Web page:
Organizing your app to handle deeplinks and push notifications

Push Notifications

Software Architecture

dynamic link

This article presents a way to organize in the same module the code for handling deeplinks and the code for handling push notifications. The code that is presented is written in Swift and for iOS but the architecture of the module and the logic of the code can be transposed to other languages and technologies.

The code is available here.

Deeplinks and push notifications

Before diving into how the module is structured, let's briefly describe what deeplinks and push notifications are.

A deeplink is a special kind of link that, when opened in the browser of a mobile phone, opens a specific screen of a native application. For example, for a company that provides a website and an application dedicated to weather forecasts, a deeplink could be used to open the screen of the app that shows the weather forecast for a specific day. If the user doesn't have the app installed or isn't on mobile, then the corresponding webpage can be opened in the browser. On iOS, deeplinks are called universal links but we'll keep the term deeplink because it is more general.

A push notification is a piece of data that can be sent from a backend to a mobile device. It often provides information to the user and can also encourage them to act. For example, a football app may send push notifications to its users whenever a player is transferred from one club to another. By tapping on the push notification, the user would expect the app to open a screen that shows information about the transfer.

Both deeplinks and push notifications are a good way to enrich an app. As the action performed when opening a deeplink or when tapping a push notification is often the same, it makes sense to create a single module for handling both structures.

A simple example app that uses deeplinks and universal links

To keep the implementation concrete, we choose to design the module for a fictional recipe app called bestrecipes. This app could for example contain recipes that are posted by chefs, a way for the user to follow chefs, a grading system for the recipes...

We'll focus on implementing deeplinks and push notifications that can either link to a home feed or to a "recipes" screen. Here are some examples of possible deeplinks and push notifications:

Home

Deeplink: https://bestrecipes.com/home

Push notification:

Recipe by id

Deeplink: https://bestrecipes.com/recipe?id=1234

Push notification:

Recipes by country and with a limit

Deeplink: https://bestrecipes.com/recipe?country=FR&limit=7

Push notification:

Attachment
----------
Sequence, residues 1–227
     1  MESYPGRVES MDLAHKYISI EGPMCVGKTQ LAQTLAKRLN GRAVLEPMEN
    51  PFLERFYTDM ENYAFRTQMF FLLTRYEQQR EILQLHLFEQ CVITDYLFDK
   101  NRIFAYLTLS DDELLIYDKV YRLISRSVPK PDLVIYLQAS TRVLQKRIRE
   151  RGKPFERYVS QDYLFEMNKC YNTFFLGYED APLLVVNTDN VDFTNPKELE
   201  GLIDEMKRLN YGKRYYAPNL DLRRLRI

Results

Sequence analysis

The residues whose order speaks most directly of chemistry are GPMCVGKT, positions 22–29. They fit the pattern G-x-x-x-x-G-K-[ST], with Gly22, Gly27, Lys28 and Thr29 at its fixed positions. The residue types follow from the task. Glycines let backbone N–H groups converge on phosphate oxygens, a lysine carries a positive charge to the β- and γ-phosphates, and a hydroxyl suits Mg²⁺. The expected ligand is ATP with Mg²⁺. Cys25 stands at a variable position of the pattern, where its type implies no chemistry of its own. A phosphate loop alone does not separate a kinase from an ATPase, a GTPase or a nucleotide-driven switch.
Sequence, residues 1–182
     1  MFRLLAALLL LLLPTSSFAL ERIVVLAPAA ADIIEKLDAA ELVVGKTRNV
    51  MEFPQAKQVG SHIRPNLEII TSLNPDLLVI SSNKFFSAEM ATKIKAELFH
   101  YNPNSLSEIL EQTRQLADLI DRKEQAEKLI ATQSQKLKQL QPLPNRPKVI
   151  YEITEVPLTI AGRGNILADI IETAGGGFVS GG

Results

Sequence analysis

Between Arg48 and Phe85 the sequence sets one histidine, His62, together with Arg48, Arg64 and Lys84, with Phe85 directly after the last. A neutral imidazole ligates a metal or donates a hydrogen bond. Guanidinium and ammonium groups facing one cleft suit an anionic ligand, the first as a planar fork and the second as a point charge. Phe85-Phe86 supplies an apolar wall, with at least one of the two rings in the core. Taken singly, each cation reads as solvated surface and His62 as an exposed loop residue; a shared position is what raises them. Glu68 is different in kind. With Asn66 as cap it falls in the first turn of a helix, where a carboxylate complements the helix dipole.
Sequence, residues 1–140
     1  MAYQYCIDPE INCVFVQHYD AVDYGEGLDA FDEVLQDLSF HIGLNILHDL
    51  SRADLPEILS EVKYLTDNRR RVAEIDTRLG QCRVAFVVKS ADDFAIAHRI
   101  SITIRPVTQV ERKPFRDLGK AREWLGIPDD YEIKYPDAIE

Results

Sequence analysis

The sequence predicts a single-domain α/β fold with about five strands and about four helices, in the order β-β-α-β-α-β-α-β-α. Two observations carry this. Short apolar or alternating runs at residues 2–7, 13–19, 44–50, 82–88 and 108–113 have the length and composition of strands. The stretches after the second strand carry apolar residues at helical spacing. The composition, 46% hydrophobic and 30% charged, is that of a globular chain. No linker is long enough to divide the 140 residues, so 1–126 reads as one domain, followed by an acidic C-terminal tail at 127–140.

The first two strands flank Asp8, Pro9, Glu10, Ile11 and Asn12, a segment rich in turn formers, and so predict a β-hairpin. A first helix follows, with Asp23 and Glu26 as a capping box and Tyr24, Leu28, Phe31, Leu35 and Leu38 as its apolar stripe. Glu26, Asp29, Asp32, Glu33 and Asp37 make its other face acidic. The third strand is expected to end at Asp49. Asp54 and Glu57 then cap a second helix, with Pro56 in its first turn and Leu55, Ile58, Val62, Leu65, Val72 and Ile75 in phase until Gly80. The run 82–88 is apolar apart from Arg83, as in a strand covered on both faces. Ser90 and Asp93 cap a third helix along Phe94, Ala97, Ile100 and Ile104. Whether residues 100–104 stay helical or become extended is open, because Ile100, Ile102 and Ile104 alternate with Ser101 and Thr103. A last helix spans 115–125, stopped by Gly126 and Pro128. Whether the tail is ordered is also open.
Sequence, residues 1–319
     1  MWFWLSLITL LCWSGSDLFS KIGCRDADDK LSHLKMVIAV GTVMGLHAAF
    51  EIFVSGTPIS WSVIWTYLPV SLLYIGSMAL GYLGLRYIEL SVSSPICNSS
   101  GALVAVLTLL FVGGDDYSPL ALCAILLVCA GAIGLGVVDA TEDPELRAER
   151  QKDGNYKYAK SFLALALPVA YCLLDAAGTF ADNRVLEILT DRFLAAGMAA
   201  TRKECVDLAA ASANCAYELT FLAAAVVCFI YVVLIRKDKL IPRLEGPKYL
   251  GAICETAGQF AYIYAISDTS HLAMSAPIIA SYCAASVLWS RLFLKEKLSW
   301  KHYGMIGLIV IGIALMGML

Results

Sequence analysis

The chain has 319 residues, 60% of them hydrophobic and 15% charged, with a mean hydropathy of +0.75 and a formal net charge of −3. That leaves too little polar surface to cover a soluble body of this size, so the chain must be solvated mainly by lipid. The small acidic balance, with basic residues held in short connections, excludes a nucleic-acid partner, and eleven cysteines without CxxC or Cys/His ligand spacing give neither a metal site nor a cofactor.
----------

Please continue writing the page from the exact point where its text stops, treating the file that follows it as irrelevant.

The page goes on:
A single module for handling deeplinks and push notifications

The following picture is a UML class diagram of the module:

app_linkerWe'll study the various parts of the module in the following sections:

Models

As deeplinks and push notifications can be used to perform the same actions, they should also be able to contain the same information. So, instead of creating a model for deeplinks and one for push notifications, we abstract the concepts in a Payload structure:

As you can see, a Payload keeps a dictionary of parameters and has a field of type Target, which is just an enum that lists all the possible screens that can be reached by a deeplink or a push notification:

In our example, we only support two screens (home and recipes) but we can always extend the module by adding more cases.

Parsing

The first action the module should perform is to parse the incoming deeplink or push notification into an instance of Payload. To do so, we define a protocol that describes the ability to parse an object into a Payload:

The associated type corresponds to the input type of the parser. For example, the following classes are implementations of Parser whose associated types are respectively URL and [String: String]:

On a side note, the classes and protocols responsible for producing payloads are an example of implementation of the strategy pattern.

Handling payloads

Once the parsing has been done, the next step is to perform the action associated with the parsed payload. To do so, we create a simple PayloadHandler class:

Putting things together

The final step is to combine the parsing and the creation of actions in a single place. Thus, we create an AppLinker which should be the entry point of the module:

The code is pretty simple: AppLinker has two public methods, one for handling deeplinks and the other for handling push notifications. Both methods start by parsing their input into a Payload that is then used by the PayloadHandler to perform the associated action.

Conclusion

The goal of this article was to provide a possible way to architecture a single module for handling both deeplinks and push notifications. There is certainly room for improvement but the code that is presented should constitute a solid start.

To receive the content of a deeplink or a push notification on iOS, there are several steps to follow, including overwriting functions in the AppDelegate or the SceneDelegate depending on what you're using. For more information, see this article for implementing deeplinks and this one for push notifications.

Finally, I would like to thank David Rico. We worked together on the module and I learned a lot by working with him.